The most common questions people have about vinegar, Diggs tells me, are: What is vinegar? And what is it made of? Simply put, vinegar comes from anything that has alcohol in it; bacteria turn the alcohol into acetic acid. That alcohol, in turn, can be made from anything that has starch or sugar – including unexpected sources such as honey, potatoes or beets. You can also make vinegar out of cocoa pulp. “There are people who make and swear by milk vinegar,” Diggs says. “Not me.”

Diggs, now 73, became fascinated with vinegar while taking food science classes at San Francisco State University in the 1980s. The research led him to self-publish a book on the subject. He came to Roslyn in 1989, seeking a quiet summer place where he could write. Before then, he had spent most of his life in San Francisco. He served in the Peace Corps in Africa and was a radio reporter and bus driver. Today he works with incarcerated men and is an artist-in-residence for the South Dakota Arts Council. He also consults on vinegar with clients around the world.

The museum’s shelves are lined with an array of styles of vinegar. Photo for The Washington Post by Jay Pickthorn

The museum, he says, was a Hail Mary pass for the town, which was looking for something to draw people to the area. In the late 1990s, some residents formed a committee called Community Advancement for Roslyn and Eden (Eden is a small town nearby), or CARE. Ultimately, they realized they needed to do something with the resources they had, and something that was totally different from anything any other town was doing. Diggs was that resource: He had both knowledge and several dozen bottles of vinegar from his consulting business. Voilà: a vinegar museum.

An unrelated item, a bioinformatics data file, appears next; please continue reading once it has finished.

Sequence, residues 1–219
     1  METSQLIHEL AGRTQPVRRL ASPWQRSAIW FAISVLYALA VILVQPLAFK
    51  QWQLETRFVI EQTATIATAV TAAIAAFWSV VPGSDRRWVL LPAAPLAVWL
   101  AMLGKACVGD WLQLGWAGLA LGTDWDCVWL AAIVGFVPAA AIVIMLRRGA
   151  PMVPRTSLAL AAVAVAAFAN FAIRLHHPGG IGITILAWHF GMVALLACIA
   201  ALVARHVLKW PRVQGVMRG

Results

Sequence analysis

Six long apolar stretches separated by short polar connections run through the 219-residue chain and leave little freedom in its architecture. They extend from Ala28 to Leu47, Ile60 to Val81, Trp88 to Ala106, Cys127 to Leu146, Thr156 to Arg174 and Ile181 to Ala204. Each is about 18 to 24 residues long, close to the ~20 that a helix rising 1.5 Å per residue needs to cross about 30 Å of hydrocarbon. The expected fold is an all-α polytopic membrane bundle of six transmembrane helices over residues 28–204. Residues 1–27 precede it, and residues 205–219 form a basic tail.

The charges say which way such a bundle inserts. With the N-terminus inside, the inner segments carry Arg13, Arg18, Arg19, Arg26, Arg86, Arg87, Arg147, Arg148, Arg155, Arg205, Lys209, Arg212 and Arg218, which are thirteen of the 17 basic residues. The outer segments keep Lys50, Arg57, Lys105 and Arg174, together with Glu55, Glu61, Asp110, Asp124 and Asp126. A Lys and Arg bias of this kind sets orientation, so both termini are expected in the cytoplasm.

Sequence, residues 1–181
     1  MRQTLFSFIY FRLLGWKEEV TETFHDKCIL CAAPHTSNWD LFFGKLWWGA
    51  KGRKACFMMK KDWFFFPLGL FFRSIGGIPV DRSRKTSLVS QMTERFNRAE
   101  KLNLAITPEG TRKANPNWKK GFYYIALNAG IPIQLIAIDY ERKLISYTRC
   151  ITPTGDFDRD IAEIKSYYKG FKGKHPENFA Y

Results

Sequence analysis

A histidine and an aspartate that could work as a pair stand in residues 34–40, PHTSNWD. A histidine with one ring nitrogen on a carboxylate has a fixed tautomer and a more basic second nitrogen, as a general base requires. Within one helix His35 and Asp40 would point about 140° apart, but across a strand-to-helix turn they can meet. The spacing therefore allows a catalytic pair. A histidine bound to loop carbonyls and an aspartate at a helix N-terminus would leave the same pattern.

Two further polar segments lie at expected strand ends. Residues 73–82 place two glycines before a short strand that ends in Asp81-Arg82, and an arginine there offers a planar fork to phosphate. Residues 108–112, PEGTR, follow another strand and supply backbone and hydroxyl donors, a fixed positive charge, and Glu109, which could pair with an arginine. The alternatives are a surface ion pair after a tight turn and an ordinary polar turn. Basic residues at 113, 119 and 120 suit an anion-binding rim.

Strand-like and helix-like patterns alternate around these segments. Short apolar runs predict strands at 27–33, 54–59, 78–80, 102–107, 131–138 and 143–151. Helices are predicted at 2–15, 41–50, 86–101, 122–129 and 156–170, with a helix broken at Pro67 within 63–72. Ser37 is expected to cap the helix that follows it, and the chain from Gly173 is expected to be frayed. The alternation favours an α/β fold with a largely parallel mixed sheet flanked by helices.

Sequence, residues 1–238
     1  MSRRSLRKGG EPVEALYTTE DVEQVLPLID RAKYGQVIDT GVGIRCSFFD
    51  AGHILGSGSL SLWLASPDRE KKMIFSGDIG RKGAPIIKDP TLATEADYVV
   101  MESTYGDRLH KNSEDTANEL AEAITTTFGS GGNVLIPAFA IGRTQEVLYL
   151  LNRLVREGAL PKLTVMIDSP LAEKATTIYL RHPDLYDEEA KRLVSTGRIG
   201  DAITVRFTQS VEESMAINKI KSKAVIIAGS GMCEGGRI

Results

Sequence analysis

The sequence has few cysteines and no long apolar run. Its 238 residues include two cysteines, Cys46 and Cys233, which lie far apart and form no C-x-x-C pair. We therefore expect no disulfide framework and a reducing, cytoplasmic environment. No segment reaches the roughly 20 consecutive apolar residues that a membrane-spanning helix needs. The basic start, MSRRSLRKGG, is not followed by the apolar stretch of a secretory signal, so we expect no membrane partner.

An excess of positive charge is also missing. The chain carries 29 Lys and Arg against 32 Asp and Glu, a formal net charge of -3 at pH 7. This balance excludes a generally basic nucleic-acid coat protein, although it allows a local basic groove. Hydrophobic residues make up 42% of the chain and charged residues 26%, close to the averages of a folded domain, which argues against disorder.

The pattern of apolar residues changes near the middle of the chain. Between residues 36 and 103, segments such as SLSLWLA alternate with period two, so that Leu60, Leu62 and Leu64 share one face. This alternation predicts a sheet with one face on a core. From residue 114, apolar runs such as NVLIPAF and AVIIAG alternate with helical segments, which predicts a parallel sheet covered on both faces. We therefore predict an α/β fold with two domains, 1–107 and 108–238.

Diggs tells me that he agreed to help start the place, but he wanted it to be community-focused: “It’s not going to be about me.” Twenty-two years on, the museum is managed by CARE and staffed by people who got on-the-job training about vinegar. And it is the town’s biggest draw. Roslyn has an annual Vinegar Festival, replete with a “royal quart,” including a vinegar queen. The museum is open Thursday through Saturday, and only in the summer, but Rougemont says someone’s generally available if you ask for a tour. She recounts a time she was riding her bike to pick up her mail from the post office, and a family in a big RV asked if they could get a tour. “I told them I just needed to run home and grab my key,” she says.

At the museum, by the time Rougemont asks if the Stein family is interested in doing a tasting, Karissa Davis and her mom, Shirley, are game. Jeff Stein isn’t so sure. “C’mon, Dad,” says Davis. “Don’t be chicken.” Stein makes his way to the tasting table, where Rougemont is waiting with several bottles of vinegar. Small glasses hold samples of wild blueberry, black fig, maple, tequila lime, spiced pecan and two kinds of balsamic.

Rougemont explains the process, which is much like tasting wine: You look at the vinegar and swirl it to release its “volatiles.” You then use a long, wooden cotton swab to capture the liquid, which is placed on the tongue and roof of the mouth. “Wow, I’m surprised,” Jeff says after trying a bit of the pecan vinegar. “You can really taste pecan. I was expecting sour-sour, and it’s not. I was expecting something completely different.”